On November 3, 1999, Todd McCormick was denied any medical necessity defense in court, so on November 19, 1999, he pled guilty, and on March 27, 2000, he was sentenced to five years in federal prison.

In addition, Todd’s publisher, Peter McWilliams, the author of 35 books (five of which made the New York Times Best Seller List), who since 1996 suffered from AIDS and cancer, was himself arrested in July 1998 by the DEA allegedly for conspiring to subsidize Todd’s marijuana “operation” and for manufacturing marijuana with the intent to sell to local buyers’ clubs, all of which – had it been true – would have been his legal prerogative within the state of California. McWilliams flatly stated, and all of his associates, and even enemies, confirmed that he had never grown marijuana nor profited from the sale of even one joint.

Peter was forced to make a plea bargain and faced sentencing in July 2000. He faced 0 to 5 years, with no appeal rights. On June 14, 2000 Peter McWilliams died.

Under the terms of his release on bail (which was secured by his mother’s home of 50 years), he had to abstain from the use of marijuana, which was the only medicine which would alleviate the nausea caused by his treatments for AIDS and cancer. Without smoking marijuana, Peter, along with hundreds of thousands before him, could barely hold down the “cocktails” of chemotherapy he was required to take on a daily basis. Because he wasn’t allowed medicinal marijuana, he got sick and ended up choking on his own vomit and died.

He was in a sense murdered by the government because of the terms of his release on bail. The sick and dying should not be denied the quality of their lives!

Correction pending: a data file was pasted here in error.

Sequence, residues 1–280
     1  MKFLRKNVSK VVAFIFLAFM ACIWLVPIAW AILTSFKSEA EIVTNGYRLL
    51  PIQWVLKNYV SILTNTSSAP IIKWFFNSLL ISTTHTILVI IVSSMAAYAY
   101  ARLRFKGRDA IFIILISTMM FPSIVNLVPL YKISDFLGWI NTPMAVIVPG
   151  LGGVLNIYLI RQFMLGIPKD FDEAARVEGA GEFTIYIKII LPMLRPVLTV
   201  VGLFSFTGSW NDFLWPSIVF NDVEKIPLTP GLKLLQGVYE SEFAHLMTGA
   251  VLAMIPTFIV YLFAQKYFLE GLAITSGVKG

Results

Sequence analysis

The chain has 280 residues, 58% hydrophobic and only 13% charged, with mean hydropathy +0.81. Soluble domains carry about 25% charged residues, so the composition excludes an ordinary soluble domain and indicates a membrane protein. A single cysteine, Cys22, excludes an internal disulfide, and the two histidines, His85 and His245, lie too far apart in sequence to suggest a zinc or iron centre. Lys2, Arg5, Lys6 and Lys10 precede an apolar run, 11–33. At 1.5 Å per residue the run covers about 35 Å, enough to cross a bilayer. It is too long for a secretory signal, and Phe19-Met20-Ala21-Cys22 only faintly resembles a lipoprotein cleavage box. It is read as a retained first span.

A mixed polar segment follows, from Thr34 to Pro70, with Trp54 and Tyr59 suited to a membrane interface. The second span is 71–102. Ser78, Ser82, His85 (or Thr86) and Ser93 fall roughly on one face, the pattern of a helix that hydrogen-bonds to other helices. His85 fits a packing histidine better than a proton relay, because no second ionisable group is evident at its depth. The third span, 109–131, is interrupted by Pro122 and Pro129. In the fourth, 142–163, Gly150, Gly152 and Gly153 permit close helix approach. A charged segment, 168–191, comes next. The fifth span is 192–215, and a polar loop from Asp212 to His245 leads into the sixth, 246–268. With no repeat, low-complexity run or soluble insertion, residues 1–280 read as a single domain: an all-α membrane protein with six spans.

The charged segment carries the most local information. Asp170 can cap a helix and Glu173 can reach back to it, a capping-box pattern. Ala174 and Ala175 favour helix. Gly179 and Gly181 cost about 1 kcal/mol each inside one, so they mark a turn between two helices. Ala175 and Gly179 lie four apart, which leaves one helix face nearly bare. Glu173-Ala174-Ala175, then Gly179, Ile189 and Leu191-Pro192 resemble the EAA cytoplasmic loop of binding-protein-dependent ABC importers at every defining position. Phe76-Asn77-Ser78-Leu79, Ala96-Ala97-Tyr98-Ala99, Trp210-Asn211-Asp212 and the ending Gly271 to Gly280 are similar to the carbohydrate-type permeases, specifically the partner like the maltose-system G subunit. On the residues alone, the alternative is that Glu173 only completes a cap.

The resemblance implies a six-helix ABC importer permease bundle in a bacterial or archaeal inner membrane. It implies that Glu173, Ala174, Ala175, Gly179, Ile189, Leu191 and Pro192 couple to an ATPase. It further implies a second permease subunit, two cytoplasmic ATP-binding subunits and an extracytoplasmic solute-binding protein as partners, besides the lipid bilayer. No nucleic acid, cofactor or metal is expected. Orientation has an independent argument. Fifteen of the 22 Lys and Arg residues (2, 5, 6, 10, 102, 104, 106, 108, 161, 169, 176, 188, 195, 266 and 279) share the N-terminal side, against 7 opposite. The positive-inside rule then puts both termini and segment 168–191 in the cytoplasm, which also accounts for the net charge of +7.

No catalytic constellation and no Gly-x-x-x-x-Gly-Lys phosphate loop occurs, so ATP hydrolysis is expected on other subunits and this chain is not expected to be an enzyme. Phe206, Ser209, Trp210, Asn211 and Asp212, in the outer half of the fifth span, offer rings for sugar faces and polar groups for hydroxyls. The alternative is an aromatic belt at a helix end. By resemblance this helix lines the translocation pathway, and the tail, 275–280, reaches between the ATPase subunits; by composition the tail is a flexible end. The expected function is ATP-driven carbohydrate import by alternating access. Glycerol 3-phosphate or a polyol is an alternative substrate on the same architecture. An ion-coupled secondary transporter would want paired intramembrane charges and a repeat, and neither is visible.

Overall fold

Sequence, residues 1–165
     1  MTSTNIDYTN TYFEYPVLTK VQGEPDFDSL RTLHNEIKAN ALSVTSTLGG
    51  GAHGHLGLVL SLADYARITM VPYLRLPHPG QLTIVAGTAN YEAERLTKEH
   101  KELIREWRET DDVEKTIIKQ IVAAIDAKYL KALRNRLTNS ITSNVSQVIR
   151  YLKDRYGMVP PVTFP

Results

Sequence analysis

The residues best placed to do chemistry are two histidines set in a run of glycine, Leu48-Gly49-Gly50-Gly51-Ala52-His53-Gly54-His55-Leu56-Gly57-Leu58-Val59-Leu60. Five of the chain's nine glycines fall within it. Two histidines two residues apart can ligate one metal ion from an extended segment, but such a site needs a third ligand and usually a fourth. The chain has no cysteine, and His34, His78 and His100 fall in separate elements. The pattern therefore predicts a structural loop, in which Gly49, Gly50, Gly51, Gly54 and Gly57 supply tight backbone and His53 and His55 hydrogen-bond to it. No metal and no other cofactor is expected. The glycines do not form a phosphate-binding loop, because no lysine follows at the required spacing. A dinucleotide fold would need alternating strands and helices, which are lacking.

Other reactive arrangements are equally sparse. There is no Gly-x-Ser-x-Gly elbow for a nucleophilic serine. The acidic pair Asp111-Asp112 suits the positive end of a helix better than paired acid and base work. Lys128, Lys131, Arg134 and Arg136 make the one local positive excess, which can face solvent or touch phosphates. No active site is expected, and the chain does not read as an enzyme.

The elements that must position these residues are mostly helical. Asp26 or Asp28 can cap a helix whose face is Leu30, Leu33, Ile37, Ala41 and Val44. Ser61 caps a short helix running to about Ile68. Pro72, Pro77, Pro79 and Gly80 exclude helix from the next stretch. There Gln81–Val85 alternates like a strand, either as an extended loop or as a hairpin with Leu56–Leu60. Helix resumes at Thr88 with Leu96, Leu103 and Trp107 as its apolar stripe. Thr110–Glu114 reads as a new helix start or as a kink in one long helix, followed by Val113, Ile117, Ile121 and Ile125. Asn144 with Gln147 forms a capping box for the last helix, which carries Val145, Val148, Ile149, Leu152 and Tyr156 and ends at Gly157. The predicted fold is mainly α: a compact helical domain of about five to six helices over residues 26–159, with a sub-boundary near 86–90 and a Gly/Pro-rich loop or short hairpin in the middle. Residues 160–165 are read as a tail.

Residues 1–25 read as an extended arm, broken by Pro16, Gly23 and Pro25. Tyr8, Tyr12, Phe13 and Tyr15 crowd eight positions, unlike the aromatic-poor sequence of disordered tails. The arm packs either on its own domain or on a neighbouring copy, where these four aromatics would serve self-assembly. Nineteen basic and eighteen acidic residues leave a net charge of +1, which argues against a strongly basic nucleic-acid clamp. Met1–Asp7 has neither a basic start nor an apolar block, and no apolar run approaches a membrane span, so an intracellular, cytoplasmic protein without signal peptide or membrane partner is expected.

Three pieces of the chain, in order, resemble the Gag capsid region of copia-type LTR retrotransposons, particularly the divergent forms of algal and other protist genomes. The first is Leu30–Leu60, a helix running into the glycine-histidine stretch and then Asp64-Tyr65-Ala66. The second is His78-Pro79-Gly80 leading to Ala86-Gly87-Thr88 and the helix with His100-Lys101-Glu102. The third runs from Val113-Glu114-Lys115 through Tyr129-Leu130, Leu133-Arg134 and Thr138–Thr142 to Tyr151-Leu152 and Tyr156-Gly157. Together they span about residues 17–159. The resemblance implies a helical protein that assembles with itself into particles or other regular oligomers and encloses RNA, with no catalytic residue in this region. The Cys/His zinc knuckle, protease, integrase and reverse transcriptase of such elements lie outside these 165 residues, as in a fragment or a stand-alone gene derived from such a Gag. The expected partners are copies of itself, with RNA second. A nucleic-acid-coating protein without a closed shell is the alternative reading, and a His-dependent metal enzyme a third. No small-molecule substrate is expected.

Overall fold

On August 9, 1999, the DEA requested that U.S. Customs seize all shipments of hemp seed or hemp seed products at the Canadian border and have them tested for any THC or trace element of THC (10 parts per million). This caused an undue financial burden on the hemp seed companies, putting some of them out of business because of the financial impact of the seizures.

All shipments and carloads were then being seized by U.S. Customs. In December 1999, American politicians got the order overturned and Customs agreed not to hold the products with trace elements, whether it be shampoo, soap, bird seed, hemp food, etc. The products were released in theory, but were still in the U.S. Customs warehouses. On January 12, 2000, the U.S. White House Drug Czar Barry McCaffrey, overrode the D.E.A., who had withdrawn their reason for seizing shipments. McCaffrey then personally ordered Customs to seize any product with even a trace amount of THC. Barry McCaffrey says zero tolerance is zero tolerance, even though it would take 39,000 pounds of hemp seeds to obtain enough THC to be equivalent to a joint.